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Why Dwayne Johnson's DC Takeover Failed

"The hierarchy of power in the DC Universe is about to change," crowed Dwayne "The Rock" Johnson in the days leading up to the release of "Black Adam," his DC Films debut as an ancient, superpowered antihero. Since then, those words have become meme fodder as the film failed to live up to expectations both critical and financial, and as Johnson's plans for a future with Warner Bros Discovery crumbled to the mat.

As the fall of 2022 drew on, Johnson seemed to be positioning himself not only as DC's latest star but also as one of its prime architects. He muscled a cameo from Henry Cavill as Superman into "Black Adam." He flooded his social media with videos of himself in "Black Adam" board room meetings that had the air of serious people humoring a self-serious star. But when the film finally arrived, it wasn't the beginning of a glorious new era in DC. Rather, it was a misfire that toppled Johnson and his associates like a WWE backbreaker.

In a bombshell report, new details surrounding Johnson's planned takeover of the DC Universe have come to light, painting a picture of clumsy, Machiavellian backroom dealings, ruffled feathers inside the studio, and ultimately an explosion that even Superman couldn't prevent.

The Rock's DC heel turn ended poorly

"You come at the king, you best not miss," Michael K. Williams famously says on "The Wire." It's advice Dwayne Johnson would have done well to heed.

According to a bombshell report from Variety, Johnson and his associates, including producers Beau Flynn and Hiram Garcia, the A-lister's former brother-in-law, made a play to put themselves at the center of future plans for DC Films. Johnson directly pitched new Warner Bros Discovery CEO David Zaslav on a "Black Adam" franchise, which "The Rock" envisioned as a series of movies leading to a showdown between Adam and Henry Cavill as Superman.

The move reportedly came as former DC studio head Walter Hamada and WB exec Toby Emmerich were on their way out on the heels of post-merger restructuring, the timing of which did little to ingratiate Johnson with others in the company. Variety quotes one source as saying, "Dwayne went around everyone, which didn't sit well." Still, incoming film chiefs Michael De Luca and Pam Abdy rubberstamped a Superman cameo by Cavill in "Black Adam," creating another issue: Cavill had already been transitioned out of the red cape by Emmerich in 2018.

Nonetheless, Johnson's gambit might have succeeded had "Black Adam" been the success he promised. But its initial budget of $195 million ballooned with $40 million in reshoots, to say nothing of marketing and other associated costs, and when it bagged only $391 million at the worldwide box office, the possibility of a sequel evaporated.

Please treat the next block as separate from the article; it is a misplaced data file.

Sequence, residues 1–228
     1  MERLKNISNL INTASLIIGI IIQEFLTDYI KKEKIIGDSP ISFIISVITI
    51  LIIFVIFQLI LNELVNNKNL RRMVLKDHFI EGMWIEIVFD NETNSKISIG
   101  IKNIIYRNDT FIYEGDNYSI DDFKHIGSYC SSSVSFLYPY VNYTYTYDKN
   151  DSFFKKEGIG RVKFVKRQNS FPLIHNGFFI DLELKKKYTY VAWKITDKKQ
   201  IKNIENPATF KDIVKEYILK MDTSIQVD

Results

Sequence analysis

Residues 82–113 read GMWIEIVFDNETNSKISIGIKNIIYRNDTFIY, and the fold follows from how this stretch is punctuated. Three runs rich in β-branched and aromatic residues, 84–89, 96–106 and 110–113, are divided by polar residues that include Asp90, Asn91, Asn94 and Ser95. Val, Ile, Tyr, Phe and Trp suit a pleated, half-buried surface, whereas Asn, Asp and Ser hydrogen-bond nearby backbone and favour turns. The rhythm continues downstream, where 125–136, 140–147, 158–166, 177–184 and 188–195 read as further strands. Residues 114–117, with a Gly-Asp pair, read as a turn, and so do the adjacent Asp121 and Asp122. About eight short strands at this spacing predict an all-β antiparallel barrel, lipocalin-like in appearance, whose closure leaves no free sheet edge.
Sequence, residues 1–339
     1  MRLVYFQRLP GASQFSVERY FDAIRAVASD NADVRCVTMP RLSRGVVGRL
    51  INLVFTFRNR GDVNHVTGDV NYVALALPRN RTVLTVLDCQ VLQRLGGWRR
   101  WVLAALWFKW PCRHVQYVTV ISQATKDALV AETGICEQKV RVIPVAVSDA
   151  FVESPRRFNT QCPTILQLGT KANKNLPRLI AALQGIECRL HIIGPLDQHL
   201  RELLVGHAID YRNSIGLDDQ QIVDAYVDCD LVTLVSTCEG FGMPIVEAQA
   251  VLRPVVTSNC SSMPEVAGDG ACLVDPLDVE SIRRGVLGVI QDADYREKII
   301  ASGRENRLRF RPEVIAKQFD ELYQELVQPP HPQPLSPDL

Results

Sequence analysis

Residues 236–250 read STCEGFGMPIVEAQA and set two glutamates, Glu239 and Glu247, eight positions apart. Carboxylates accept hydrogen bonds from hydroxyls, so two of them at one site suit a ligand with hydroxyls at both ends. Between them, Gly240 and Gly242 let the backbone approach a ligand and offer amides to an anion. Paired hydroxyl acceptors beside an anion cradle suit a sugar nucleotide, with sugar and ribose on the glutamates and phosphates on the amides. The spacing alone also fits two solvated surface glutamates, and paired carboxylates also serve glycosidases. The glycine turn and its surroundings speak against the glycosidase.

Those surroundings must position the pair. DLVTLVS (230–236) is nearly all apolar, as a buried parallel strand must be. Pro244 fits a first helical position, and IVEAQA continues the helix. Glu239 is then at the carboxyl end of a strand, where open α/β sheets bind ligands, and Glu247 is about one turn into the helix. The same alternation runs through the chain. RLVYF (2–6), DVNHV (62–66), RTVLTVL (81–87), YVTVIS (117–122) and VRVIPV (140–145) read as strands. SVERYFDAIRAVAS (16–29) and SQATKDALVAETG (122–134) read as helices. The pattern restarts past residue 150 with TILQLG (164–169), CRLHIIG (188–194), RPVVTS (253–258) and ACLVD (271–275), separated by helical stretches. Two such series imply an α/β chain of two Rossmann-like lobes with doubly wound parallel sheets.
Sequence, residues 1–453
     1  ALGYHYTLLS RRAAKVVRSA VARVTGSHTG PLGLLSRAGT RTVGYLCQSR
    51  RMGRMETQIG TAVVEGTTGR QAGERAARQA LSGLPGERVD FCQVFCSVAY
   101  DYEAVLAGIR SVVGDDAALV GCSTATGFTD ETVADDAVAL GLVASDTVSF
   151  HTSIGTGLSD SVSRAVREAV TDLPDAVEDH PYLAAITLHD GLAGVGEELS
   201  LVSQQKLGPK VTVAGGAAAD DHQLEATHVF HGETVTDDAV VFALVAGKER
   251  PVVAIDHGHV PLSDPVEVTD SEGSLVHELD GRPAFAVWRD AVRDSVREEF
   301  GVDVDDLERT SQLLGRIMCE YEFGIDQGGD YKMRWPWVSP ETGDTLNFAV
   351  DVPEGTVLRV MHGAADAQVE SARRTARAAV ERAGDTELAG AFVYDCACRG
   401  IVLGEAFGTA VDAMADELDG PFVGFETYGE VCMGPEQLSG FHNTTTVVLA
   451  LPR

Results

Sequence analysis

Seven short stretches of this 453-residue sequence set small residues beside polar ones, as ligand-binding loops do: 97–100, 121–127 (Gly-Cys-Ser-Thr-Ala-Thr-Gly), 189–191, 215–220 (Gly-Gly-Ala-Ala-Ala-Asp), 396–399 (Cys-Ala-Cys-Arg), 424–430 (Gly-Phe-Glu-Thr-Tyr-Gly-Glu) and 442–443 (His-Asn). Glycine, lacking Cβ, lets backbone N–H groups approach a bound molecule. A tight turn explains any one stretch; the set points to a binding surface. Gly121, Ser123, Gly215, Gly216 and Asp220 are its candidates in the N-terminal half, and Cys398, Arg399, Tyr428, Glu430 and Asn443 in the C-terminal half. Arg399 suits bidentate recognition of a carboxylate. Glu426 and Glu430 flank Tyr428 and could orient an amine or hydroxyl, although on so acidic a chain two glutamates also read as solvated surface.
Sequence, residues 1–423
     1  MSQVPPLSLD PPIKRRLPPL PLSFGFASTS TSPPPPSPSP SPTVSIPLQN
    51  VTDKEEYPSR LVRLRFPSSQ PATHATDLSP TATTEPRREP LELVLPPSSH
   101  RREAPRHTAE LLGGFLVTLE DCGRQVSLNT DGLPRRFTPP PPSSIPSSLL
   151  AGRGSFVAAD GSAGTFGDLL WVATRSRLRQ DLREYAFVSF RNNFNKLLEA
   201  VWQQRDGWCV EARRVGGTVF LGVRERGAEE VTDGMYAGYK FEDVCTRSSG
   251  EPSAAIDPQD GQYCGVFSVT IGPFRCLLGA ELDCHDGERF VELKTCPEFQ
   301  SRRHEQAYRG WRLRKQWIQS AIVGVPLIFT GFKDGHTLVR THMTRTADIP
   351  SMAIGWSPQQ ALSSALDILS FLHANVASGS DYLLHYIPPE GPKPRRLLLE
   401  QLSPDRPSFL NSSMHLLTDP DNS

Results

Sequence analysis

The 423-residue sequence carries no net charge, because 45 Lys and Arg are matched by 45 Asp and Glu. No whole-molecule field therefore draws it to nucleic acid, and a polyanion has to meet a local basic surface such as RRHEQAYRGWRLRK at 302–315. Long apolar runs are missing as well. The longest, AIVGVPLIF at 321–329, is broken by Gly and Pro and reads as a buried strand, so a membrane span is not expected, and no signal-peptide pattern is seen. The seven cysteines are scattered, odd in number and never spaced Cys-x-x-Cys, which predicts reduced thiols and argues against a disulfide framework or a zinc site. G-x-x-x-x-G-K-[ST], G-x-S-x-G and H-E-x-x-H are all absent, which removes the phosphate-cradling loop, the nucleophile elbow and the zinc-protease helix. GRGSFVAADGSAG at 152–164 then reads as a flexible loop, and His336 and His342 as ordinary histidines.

Meanwhile, those inside Warner Bros. Discovery were growing tired of Johnson, whose demands were reportedly becoming increasingly intolerable.

Johnson hawked his tequila brand while projects cratered

Variety reported that as 2022 went on, Dwayne Johnson made unusual demands. He allegedly insisted on being given a producer credit for "DC League of Super-Pets," an animated film in which Johnson voices Krypto the Super-Dog. However, he failed to throw his marketing weight behind the movie with anything close to the zeal he reserved for "Black Adam," leaving it to languish with a $23 million opening weekend. And when "Black Adam" arrived, he demanded a bar featuring his personal Teremana brand of tequila at the New York premiere, something that may not have been unusual at an event for an R-rated film but was out of the norm for a PG-13 project like "Black Adam."

With his projects failing to live up to promises, demands such as those became increasingly intolerable for Warner Bros Discovery and DC Films. As one source put it to Variety, "His demands increased, and the returns just weren't there." And with a household name like Johnson attached, the studio couldn't buttress the costs to make the math work, since budgets must be proportional to talent. Johnson was quickly becoming a liability the studio couldn't stomach.

Under the Gunn

Perhaps the most publicly embarrassing situation resulting from Johnson's attempted studio coup came when Henry Cavill returned as Superman in "Black Adam," only to be unceremoniously fired two months later. Cavill's Superman cameo in the "Black Adam" post-credits scene is allegedly the result of Johnson's backroom dealings with Zaslav. But by the time the film premiered on October 26, 2022, James Gunn and Peter Safran had entered the building, taking on the joint role of DC Films head less than a week prior.

Gunn and Safran planned for a soft reset of the DC Films franchise, and "Black Adam" bombing only confirmed to them that neither Cavill nor Johnson would continue in their respective roles from that movie. Backed by WB's top players, the pair had extensive decision-making power to do with the franchise as they pleased. In December, they cut Cavill loose in a decision that roiled fans and splattered egg on the faces of Johnson and his constituency.

The future still looks murky for DC Films, though Gunn and Safran seem to have mostly cleared the board of unwanted pieces, leaving them free to build a new strategy. "Black Adam," however, will not be a part of it.